Outside Allen Chapel AME Church, schoolchildren mourning their friend lined up for cupcakes and goody bags filled with candy and decorated with photos of 11-year-old Karon Brown.

Inside the sanctuary of the District church, light shone through the stained-glass windows, highlighting the display of green and blue balloons on the altar. Karon’s name was spelled out on large blocks.

For the nearly 400 friends, relatives and community members who attended, Monday’s service in Southeast Washington was a celebration of life for the boy, who was fatally shot July 18. But it also was a call to end gun violence in the District.

The Rev. Thomas Lee Cardwell Jr. was impassioned as he delivered the eulogy, describing the killings of Karon and other children in the District as “evil.”

“This is not normal,” Cardwell said. “Something is wrong in Washington, D.C.”

He called on city leaders to work to get guns off the streets so “there will be no more funerals for our babies.”

Karon, among five youths between 11 and 17 killed in the District this year, was shot during a dispute among other children and adults that broke out in front of a McDonald’s near Naylor Road and Alabama Avenue in Southeast.

Police arrested Tony Antoine McClam, 29, last week in connection with Karon’s killing.

For many of those in attendance Monday, the funeral was a routine that they have repeated too many times. There have been 96 homicides in the District this year, up from 90 during the same time last year.

Karon’s funeral came one year after another young child, 10-year-old Makiyah Wilson, was shot on her way to an ice cream truck. The two children had been friends and gone to school together.

The same minister, the same choir leader and many of the same neighbors and classmates showed up again with an outpouring of support and a question: How can the community save its children?

“We will never know the impact Karon will have in society,” the Rev. Shirley Gravely-Currie told those gathered in the church. “But we can see from the outpouring here today that he has already made an impact.”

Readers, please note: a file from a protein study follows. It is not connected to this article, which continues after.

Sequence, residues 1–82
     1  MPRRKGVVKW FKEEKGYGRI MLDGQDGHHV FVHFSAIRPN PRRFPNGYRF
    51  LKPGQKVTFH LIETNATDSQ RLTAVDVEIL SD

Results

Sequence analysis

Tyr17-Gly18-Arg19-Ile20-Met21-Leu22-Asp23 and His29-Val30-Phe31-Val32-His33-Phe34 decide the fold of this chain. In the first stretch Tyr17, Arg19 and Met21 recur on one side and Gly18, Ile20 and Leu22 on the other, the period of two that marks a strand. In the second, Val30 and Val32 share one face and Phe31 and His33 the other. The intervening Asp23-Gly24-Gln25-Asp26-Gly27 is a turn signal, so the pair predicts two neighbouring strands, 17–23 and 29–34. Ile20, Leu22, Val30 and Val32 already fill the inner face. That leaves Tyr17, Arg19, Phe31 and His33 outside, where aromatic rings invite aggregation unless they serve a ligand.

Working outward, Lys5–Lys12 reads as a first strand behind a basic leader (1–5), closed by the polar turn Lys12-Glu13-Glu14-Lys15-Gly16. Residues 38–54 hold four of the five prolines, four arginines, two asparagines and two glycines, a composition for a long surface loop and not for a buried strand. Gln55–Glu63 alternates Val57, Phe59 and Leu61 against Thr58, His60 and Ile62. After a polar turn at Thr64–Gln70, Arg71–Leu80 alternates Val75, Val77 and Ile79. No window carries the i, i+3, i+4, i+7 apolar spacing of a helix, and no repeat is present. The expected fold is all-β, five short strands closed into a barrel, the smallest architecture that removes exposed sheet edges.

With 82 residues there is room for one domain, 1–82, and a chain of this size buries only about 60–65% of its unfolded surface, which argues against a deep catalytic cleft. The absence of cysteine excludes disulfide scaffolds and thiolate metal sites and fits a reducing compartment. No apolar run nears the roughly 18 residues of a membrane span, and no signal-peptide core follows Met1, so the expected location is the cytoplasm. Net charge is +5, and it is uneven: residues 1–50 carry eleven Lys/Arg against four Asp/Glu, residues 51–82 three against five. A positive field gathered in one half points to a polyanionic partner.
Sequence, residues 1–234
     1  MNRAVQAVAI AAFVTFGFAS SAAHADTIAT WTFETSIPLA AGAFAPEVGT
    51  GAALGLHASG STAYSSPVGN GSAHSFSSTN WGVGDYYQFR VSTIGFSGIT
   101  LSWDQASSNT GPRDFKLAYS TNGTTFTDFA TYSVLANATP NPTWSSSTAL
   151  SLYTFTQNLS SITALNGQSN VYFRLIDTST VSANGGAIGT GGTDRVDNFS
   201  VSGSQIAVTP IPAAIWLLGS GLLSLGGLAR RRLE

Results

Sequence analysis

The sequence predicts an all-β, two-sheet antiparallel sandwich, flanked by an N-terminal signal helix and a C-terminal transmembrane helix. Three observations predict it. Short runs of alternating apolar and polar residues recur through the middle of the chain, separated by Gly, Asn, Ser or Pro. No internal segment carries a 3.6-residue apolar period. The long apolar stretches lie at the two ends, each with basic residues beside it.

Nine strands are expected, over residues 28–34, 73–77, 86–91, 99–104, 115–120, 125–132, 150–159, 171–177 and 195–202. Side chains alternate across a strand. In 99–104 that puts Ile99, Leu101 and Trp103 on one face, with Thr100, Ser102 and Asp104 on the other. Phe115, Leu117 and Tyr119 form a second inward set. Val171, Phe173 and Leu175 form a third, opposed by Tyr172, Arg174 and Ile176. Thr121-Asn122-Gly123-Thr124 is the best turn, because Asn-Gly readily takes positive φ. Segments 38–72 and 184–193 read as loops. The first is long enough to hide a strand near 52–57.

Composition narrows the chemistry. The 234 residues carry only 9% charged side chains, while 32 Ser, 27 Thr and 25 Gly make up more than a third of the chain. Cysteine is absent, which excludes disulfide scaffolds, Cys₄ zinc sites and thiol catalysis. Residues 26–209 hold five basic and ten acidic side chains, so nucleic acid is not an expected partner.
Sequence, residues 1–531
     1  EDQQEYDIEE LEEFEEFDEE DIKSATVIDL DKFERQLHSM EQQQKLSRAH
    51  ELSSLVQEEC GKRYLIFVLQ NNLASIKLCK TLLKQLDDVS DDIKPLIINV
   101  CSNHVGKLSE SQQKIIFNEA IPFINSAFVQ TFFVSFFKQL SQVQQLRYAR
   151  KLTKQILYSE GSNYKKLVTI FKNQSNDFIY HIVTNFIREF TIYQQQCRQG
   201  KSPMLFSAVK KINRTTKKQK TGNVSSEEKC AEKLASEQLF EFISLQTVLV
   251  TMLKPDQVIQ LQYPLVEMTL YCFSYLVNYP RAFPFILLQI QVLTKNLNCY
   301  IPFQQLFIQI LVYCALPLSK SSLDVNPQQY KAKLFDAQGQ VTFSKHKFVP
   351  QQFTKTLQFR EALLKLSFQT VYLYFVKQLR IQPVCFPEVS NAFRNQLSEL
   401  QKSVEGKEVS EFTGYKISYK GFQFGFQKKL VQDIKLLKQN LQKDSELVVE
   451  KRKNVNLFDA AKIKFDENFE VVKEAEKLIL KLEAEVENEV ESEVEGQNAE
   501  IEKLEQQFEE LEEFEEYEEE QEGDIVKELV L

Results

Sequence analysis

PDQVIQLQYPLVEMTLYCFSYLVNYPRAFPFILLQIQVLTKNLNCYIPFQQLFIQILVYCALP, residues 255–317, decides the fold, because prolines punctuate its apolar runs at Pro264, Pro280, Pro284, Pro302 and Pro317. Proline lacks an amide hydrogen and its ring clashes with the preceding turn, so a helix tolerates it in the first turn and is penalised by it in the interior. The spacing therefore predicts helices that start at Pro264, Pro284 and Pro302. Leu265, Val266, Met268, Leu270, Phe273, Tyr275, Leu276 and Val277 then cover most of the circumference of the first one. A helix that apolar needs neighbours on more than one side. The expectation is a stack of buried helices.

During the service and the private viewing beforehand, Karon’s friends and family wept loudly. Some children filed past their friend’s casket, crying and clutching a parent or older sibling as they made their way back to their seats. Others, too young to fully understand, comforted their parents with hugs and pats on the back.

Karon’s mother, Kathren Brown, sat quietly, accepting hugs and kind words from those who walked by.

Brown and other family members wore blue-and-white T-shirts with images of Karon wearing a halo and words such as “Forever in my heart.”

In a eulogy passed out before the service, Karon, known as “Big Ron,” was remembered as an excellent student and athlete, playing football, basketball and soccer. He loved dogs, babies, playing video games and making his family laugh.

Tucked inside the casket was the yellow football helmet that Karon wore for the Woodland Tigers football team. He wanted to become a professional football player, and one of his favorite teams was the Dallas Cowboys.

Karon had recently finished fifth grade at Stanton Elementary School

Messages of sympathy were read, including letters from D.C. Mayor Muriel E. Bowser (D).

One of Karon’s teachers, Brian Harris, who has taught global studies and dance, shared a story about how Karon helped him organize costumes one day after school, without him asking.

“If he can walk in and help, we can, too,” Harris said. “We need to help our young people.”

D.C. Council member Trayon White Sr. (D-Ward 8) also called on the community to make a change. Karon’s blood is on the community’s hands, he said, and everyone has a responsibility.

“I’m tired of doing funerals,” White said. “I’m tired of going to crime scenes.”

Makiyah’s mother, Donnetta Wilson, partnered with Party Palace to donate balloons, treat bags and dessert for the children who came.

Some of the kids are too young to go to all these funerals, she said, and she tried to make the day just a little easier.

“It’s just a small thing we can do to put a smile on their faces,” Wilson said.

At the end of the funeral, family members followed the white casket, decorated with balloons. Some held flowers and signs with “Karon” in large letters.

Kathren Brown, wearing sunglasses and a blank stare, held a bouquet of flowers and clutched a relative, slowly making her way out.

The choir started to sing:

“Soon and very soon, we are going to see the king!”